The idea of using treats to train is often equated with bribery. Truthfully, dogs do what works. If using treats gets them to do what you want, then why not? You can also use the world around you as a reinforcement. Every interaction you have with your dog is a learning opportunity, so when you think about it, you probably don’t use food very often except during active training sessions. So why does your dog continue to hang out? Because you reinforce him with praise, touch, games and walks. Just remember, the behavior should produce the treat; the treat should not produce the behavior.
You can start your puppy off on the right paw by teaching good manners from the moment you bring him home. Every interaction that you have with your puppy is a learning opportunity, and with gentle guidance, you can help him understand important lessons like how to greet new friends without jumping up, how to wait quietly for dinner and what to do with those puppy teeth. 
The miniature schnauzer finds it easy to learn new commands. But you’ll definitely to work to keep this high-energy dog occupied. And you’ll have to train him not to bark excessively. Fortunately, the AKC explains, “This breed craves human companionship, which, combined with the breed’s intelligence, makes him easy to train for all kinds of activities. He is alert and spunky, but also obedient to commands.” https://cdn.shopify.com/s/files/1/1362/5949/articles/feature-image_023d5955-8237-4696-aa0e-0b2bb61d153e_1000x.jpg?v
According to the Golden Retriever Club of America, dogs — including golden retrievers — are problem solvers and learn by trial and error. But your golden isn’t the only one who will be learning during the process of training. “As you teach your dog the steps necessary to learn the obedience exercises, he will respond correctly or incorrectly, and you must learn how to respond appropriately,” the club says.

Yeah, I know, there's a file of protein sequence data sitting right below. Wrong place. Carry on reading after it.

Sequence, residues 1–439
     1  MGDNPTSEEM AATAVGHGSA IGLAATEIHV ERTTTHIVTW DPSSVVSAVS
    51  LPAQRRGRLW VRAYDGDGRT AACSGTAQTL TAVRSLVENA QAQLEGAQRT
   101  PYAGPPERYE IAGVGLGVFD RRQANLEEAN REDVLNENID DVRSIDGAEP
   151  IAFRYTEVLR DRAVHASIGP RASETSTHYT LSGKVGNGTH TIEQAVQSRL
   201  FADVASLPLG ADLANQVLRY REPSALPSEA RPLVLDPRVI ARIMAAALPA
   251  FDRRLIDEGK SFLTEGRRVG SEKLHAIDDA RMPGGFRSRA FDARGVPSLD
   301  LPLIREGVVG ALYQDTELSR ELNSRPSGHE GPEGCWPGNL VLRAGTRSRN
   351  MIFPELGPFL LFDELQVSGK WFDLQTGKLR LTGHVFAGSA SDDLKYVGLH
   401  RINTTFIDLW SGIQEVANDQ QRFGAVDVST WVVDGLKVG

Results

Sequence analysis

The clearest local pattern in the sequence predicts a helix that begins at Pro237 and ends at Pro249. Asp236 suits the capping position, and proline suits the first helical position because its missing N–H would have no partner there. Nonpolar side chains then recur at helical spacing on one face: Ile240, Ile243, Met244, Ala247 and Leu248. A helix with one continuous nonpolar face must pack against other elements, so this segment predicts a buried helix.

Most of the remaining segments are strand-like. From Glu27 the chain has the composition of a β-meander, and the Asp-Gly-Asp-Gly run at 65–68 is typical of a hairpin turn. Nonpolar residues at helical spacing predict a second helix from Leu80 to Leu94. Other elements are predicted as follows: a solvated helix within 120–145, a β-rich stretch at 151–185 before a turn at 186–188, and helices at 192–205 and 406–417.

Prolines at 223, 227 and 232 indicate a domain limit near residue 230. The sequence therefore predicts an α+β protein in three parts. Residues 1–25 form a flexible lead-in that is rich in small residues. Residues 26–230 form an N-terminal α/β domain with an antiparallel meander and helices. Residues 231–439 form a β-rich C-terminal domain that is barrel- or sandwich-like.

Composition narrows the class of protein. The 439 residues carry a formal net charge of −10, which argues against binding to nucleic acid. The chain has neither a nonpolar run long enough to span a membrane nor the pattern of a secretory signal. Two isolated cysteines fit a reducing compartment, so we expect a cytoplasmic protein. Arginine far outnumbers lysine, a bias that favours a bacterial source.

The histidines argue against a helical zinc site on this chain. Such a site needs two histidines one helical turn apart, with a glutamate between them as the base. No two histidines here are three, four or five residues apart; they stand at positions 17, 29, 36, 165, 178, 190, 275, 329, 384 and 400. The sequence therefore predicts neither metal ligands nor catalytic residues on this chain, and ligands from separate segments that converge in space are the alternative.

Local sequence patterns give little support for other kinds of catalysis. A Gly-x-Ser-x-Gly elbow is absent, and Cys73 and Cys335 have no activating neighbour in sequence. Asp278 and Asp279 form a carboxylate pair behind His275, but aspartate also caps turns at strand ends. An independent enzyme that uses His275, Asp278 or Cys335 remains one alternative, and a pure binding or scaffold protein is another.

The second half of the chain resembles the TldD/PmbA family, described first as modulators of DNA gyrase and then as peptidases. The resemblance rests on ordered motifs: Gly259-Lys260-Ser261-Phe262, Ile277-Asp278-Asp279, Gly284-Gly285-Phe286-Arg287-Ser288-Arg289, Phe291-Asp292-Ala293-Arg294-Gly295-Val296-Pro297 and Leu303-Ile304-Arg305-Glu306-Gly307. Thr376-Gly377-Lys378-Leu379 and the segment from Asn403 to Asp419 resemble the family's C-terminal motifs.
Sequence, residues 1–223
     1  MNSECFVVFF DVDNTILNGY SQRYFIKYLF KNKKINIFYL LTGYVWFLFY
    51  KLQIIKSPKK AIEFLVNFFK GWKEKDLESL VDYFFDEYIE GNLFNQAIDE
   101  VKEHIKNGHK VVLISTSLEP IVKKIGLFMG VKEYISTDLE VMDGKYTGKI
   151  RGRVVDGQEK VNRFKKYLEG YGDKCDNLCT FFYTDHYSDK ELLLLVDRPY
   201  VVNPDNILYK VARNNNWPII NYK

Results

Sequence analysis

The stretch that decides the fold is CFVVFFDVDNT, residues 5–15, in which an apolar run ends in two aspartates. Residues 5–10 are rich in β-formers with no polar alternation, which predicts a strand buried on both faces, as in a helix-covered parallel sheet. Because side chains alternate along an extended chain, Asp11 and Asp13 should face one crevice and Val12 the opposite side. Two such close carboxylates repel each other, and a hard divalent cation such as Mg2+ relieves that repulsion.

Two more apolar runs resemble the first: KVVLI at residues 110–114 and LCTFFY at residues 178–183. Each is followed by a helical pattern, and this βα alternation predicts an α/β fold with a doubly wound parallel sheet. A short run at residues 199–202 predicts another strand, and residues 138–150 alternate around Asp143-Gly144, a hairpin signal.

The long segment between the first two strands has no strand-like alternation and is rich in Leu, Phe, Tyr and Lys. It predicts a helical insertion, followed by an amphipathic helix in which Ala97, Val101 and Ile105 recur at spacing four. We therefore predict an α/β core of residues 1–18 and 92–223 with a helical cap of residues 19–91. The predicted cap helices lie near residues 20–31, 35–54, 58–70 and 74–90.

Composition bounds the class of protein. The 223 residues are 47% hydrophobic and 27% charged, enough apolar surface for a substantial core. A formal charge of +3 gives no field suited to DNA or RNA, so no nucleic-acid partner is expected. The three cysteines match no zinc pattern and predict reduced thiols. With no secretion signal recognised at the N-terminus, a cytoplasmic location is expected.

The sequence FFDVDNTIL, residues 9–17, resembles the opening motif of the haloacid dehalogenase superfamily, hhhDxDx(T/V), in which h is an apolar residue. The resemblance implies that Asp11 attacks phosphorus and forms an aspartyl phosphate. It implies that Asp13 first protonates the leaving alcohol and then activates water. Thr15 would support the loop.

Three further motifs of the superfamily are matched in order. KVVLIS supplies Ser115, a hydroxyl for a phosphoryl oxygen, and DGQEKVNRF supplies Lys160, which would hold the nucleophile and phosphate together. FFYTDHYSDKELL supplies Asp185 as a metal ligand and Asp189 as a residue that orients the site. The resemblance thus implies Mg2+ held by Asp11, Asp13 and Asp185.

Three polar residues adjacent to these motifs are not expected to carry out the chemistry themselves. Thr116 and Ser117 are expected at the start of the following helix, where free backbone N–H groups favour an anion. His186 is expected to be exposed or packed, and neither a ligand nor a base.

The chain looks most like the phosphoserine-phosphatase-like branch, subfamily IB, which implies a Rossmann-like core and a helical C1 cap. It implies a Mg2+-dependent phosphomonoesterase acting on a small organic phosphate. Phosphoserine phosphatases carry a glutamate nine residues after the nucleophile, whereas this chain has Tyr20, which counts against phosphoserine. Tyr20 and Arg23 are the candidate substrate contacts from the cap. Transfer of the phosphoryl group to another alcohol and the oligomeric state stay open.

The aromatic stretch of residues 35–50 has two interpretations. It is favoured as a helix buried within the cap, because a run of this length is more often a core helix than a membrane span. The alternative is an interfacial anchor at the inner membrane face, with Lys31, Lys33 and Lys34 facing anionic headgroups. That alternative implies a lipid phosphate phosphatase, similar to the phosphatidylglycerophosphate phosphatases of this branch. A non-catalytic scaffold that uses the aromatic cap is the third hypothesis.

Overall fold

That can vary considerably, says Dr. Burch. There are many factors to consider, such as age, learning history, and your methods and consistency. An 8-week-old puppy is very different developmentally than a 5-month-old puppy. Some puppies have perfect manners after just a few days. Others can take months, especially if the dog has had a less than ideal situation before coming to you. With patience and persistence, though, most dogs can learn. https://i.ytimg.com/vi/dWb9_ZvsLbo/maxresdefault.jpg
It typically takes 4-6 months for a puppy to be fully house trained, but some puppies may take up to a year. Size can be a predictor. For instance, smaller breeds have smaller bladders and higher metabolisms and require more frequent trips outside. Your puppy's previous living conditions are another predictor. You may find that you need to help your puppy break old habits in order to establish more desirable ones.
Two weeks ago, before meeting with Don, walking Pippi was a bit of a chore, she pulled me along and when an exciting animal or something peaked her attention she worked hard to chase after. But i cannot tell a lie, it was one lesson with Don and walking instantly got easier and more enjoyable. And yesterday Pippi walked without pulling once; when... https://www.thelabradorsite.com/wp-content/uploads/2017/11/clicker-retriever.jpg
Some dogs are slower to pick up house training than others. The important thing is to be consistent in her training. Re-read this guide and then check back with what you're doing. Has anything slipped, such as you don't stay outside with her or she goes too long between comfort breaks? Remember the golden rules which are to be there to praise her when she goes in the right spot and minimize the risk of accidents indoors